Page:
Enhancing social work and counselling qualifications of Nauruans

Project Name: Pacific Community Health and Wellbeing Education
Project Partner: The University of New England
Total Funding: $553,000
Funding timeframe: 2015-2017

Local counselling and social work capacity in Nauru is being enhanced through the Pacific Community Health and Wellbeing Education project. Five women and one man undertaking a Diploma in Community Health and Wellbeing say the course is ‘vital’ and ‘supportive’ in the way they work with their clients.

Community Health and Wellbeing Diploma graduates Mrs Anastasia Eobob (right), Mrs Lucinta Seymour (second from right) and Mrs Cynthia Dekarube (left) having a discussion with DFAT Program Manager, Ms Veronica Halstead (second from left) about enhancing local counselling and social work capacity in Nauru. Photo: DFAT

With only 10,000 people, speaking out about violence can be extremely challenging due to the lack of anonymity. The diploma course has been designed in response to these recurring issues of violence against women and gender inequality issues. The University of New England worked with local stakeholders to develop a Pacific-focused diploma program to build skills and strengthen services in counselling.

Mr Horasio Cook, Mrs Anastasia Eobob, Mrs Lucinta Seymour and Mrs Cynthia Dekarube are four government employees who completed the diploma. In their work, they deal with families, children and young people on issues including child protection and family health. They reflect on what they learned during the course:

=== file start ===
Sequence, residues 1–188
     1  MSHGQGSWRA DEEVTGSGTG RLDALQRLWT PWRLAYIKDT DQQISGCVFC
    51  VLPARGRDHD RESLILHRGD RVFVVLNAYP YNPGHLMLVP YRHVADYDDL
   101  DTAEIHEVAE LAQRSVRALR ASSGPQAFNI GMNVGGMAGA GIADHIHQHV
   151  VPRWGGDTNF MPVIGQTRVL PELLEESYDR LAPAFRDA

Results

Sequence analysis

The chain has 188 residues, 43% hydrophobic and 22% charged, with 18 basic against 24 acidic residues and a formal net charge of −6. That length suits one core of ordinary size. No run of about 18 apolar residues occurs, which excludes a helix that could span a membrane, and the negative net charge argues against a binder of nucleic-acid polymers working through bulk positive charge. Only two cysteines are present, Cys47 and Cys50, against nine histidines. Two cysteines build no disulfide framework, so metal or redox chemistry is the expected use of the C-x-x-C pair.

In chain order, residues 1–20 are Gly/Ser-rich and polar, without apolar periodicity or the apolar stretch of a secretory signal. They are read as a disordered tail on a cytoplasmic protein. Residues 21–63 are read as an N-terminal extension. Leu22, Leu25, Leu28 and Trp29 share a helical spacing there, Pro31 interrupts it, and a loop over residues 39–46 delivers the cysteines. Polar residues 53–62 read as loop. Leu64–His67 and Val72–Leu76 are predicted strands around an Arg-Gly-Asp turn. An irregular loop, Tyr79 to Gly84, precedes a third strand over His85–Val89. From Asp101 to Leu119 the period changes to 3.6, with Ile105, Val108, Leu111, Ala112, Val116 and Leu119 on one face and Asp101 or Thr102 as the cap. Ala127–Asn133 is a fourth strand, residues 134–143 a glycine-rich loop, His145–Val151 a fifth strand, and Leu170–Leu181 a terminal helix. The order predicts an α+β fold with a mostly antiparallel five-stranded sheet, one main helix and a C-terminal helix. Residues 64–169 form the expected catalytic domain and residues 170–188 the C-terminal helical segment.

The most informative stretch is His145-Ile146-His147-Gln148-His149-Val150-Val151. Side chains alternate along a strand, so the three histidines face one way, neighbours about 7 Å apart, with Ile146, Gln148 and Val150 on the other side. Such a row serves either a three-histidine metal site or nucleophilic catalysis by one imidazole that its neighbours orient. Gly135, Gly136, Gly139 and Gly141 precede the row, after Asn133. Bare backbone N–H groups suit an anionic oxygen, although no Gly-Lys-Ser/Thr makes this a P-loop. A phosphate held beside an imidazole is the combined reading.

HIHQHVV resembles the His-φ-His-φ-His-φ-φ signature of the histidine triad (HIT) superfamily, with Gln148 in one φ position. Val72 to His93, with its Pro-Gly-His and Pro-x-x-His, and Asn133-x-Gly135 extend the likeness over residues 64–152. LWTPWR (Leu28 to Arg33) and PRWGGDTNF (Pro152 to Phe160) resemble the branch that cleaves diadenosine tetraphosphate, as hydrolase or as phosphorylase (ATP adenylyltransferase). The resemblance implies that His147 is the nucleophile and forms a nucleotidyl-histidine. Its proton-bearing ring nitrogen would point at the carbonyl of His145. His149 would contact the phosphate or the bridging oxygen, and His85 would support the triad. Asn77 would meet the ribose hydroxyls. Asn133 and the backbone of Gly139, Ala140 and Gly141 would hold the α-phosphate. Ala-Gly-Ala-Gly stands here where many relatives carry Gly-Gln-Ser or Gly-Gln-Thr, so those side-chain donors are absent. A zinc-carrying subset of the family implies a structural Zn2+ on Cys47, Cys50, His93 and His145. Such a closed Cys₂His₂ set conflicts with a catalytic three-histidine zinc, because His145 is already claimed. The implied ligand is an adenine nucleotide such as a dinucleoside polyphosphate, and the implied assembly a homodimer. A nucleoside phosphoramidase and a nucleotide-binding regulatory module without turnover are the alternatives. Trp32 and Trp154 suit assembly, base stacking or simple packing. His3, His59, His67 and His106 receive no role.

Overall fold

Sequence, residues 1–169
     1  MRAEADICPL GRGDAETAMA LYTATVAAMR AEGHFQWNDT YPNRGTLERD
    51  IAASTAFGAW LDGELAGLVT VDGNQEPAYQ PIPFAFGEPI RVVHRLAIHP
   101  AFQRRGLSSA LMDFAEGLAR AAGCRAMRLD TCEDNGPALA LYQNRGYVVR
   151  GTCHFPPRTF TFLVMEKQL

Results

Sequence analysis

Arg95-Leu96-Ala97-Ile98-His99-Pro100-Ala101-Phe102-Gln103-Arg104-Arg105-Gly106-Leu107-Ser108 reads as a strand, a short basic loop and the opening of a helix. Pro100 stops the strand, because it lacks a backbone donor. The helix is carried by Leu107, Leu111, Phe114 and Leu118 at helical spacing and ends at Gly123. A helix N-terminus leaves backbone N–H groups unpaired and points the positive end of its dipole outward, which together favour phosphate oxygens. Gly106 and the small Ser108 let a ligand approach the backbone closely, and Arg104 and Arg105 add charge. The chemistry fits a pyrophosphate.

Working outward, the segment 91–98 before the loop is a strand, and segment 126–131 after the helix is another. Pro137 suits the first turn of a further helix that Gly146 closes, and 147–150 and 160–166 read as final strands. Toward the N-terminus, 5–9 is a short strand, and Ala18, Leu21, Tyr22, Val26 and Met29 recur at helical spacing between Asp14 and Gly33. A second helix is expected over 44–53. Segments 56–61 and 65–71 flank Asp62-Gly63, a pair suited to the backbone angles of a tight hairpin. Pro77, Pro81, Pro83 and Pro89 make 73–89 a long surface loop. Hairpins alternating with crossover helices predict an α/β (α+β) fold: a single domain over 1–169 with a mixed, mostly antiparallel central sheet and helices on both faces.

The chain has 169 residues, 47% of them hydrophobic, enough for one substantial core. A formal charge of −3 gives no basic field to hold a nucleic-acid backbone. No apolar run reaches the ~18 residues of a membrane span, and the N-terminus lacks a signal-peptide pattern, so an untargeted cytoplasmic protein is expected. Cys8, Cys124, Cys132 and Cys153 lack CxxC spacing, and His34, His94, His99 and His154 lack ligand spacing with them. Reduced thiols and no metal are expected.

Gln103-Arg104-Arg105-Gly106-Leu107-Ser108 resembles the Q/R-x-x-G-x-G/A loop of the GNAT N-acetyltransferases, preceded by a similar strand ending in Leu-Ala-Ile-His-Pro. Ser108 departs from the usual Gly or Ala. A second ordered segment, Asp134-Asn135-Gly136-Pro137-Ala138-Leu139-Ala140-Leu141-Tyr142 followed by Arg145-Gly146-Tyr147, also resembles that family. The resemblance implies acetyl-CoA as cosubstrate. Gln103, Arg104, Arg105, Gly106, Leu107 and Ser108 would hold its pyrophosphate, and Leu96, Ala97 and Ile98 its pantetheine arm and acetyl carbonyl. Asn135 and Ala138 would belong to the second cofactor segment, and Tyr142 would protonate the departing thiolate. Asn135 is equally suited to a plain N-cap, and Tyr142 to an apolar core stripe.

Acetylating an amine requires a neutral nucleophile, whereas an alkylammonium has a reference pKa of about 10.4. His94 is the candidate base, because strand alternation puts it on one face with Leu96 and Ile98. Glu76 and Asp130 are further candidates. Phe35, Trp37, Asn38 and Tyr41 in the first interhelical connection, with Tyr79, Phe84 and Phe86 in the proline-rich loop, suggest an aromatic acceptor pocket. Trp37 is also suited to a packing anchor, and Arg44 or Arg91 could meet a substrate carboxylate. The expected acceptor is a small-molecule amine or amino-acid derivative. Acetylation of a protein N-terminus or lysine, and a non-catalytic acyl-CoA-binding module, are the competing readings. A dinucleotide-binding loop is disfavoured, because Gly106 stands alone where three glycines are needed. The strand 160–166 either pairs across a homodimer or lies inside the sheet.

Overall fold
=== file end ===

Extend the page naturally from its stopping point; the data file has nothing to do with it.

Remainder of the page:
‘We have learned great new things. For example, we see communicating with clients and work colleagues and families through a different lens. It opened up a completely new level or dimension of understanding and patience.’

A sample of the units of study include professional communication practice, children and young people at risk, managing clients with complex needs, health promotion in practice, Pacific recovery: issues around family violence and Pacific child and adolescent counselling.

‘After taking the course, we approach things differently’, the graduates say. ‘More reasonable and more thoughtful towards other people and to other different race, cultural ways, we get to know why they react to such. But it has taught us to be mindful and understanding on their needs and issues.’

‘Yes it has changed a lot of things in our lives, mostly our norms have shifted and we are making changes, which helps our day-to-day lives and especially at work. We also learned during the course on leadership and this course really helped us in our decision making at work and home.’

The course is delivered through a combination of intensive face-to-face on-island academic support and online classes. This means that students can stay in Nauru and continue to perform their jobs, while they complete the diploma.

*This Story of Change was originally published in the Pacific Women Annual Progress Report 2016 – 2017. All values are consistent with that reporting period. For the most up-to-date value of activities, visit our interactive map